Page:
To view film: PASSWORD : Mother2828

Vasu’s short videos are direct but empathetic comment on contemporary issues, e.g. his most recent 2 min. short ‘Hope for Humanity’ about the pandemic.

A reviewer writes:

“Vishnu often shoots with a hand-held camera. His budgets are enviable, and his energy seems tireless. Though not exactly Trotskyite, he is “internationalist” in his thinking and in his outlook on life, and as such his claim that he is “NOT Sri Lankan” makes a lot of sense, and gives light to his deeper search for “truth”; both, in and out of the former war zones. Part of this truth-finding mission is to view and identify grief and loss at the most personal of levels: the one dimension that is deselected and rarely tabulated by statistics and tables. Vishnu’s personal quest on behalf of the person – the individual – in the name of humanity in its absolute form.”  Full Article

On crowd source funding of his filmmaking, he writes:

“This Mother was done with no outside funding. The village is almost 300 kilometers from my home. I travelled in train and public transport to reach the village with a small Sony camera in my backpack and two T-Shirts. Coming home edited the film myself as no studio agreed to give so many studio hours for free.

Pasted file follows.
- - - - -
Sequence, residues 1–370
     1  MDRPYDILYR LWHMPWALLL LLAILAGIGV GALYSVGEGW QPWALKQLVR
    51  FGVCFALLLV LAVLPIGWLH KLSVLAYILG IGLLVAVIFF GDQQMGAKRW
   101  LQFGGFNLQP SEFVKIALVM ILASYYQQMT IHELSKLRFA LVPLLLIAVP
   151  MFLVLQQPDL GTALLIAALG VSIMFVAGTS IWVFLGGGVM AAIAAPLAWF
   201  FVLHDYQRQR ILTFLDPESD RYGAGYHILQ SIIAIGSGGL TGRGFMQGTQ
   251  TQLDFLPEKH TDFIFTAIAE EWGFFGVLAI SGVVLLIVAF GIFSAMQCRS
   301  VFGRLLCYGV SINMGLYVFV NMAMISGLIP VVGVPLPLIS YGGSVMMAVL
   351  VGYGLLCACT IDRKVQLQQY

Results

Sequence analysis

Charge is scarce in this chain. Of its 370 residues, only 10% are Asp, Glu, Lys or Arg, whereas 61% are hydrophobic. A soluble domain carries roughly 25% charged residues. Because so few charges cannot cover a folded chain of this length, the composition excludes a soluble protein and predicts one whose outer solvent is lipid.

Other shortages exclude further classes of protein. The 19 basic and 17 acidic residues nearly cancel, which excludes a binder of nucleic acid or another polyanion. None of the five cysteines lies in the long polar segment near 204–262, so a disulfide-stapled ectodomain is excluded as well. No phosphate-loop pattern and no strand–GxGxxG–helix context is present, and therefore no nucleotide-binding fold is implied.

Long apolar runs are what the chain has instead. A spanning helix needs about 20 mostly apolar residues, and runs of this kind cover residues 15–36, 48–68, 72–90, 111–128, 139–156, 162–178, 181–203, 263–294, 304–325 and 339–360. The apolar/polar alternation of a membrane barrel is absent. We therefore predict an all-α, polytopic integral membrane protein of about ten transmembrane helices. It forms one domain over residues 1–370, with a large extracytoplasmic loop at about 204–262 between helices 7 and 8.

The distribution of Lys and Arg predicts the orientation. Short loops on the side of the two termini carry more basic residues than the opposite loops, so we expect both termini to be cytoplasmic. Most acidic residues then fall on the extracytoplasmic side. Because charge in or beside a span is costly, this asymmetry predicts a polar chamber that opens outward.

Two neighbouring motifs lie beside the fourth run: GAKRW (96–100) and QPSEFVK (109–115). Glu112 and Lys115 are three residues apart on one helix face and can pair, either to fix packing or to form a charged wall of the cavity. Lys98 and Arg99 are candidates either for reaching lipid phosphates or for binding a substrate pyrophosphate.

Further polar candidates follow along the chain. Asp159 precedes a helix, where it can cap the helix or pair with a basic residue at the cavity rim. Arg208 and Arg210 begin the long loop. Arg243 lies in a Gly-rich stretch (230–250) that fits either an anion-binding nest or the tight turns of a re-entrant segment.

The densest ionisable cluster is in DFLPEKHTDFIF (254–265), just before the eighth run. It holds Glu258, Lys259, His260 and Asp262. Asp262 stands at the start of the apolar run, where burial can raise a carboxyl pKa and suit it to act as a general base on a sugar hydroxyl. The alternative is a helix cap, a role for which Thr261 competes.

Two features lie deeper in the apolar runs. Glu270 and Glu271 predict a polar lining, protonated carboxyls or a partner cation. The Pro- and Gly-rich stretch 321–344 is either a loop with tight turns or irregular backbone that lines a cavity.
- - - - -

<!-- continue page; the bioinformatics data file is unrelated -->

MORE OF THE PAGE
So in short it’s a one man’s dream and labour. Many suggested that I submit the film to festivals. Sadly festival organizers charge a fee. With our economy on a downfall we pay 200 rupees per dollar it’s impossible to even think of submitting the film to festivals. That’s all right. All I want is to share my work with the world. Have spoken to a few community leaders with a request to organize screenings. What ever donations collected can be used to portray a similar story from the other Tamil and Muslim communities. That was my original idea but with our poverty dreams never come true.”

Most Vishnu Vasu films are available on Internet/YouTube/Vimeo for free download.  For further information, Vasu can be reached at villagemonk@gmail.com

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Dr. Bill (Balwant) Bhaneja is a former Canadian science diplomat, a member of the TRANSCEND Network for Peace Development Environment, and author of six books and scholarly papers on politics and science. He holds a PhD in science policy from UK’s Victoria University of Manchester, currently serves as Senior Advisor to the Center for Global Nonkilling in Honolulu-Hawai’i of which he is a founding member, and produces the Nonkilling Arts Research Committee (NKARC)  Newsletter. A peace activist, his recent books include: Quest for Gandhi: A Nonkilling Journey (2010) and Troubled Pilgrimage: Passage to Pakistan (2013). He lives in Ottawa, Canada. Email: billbhaneja@rogers.com


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This article originally appeared on Transcend Media Service (TMS) on 13 Sep 2021.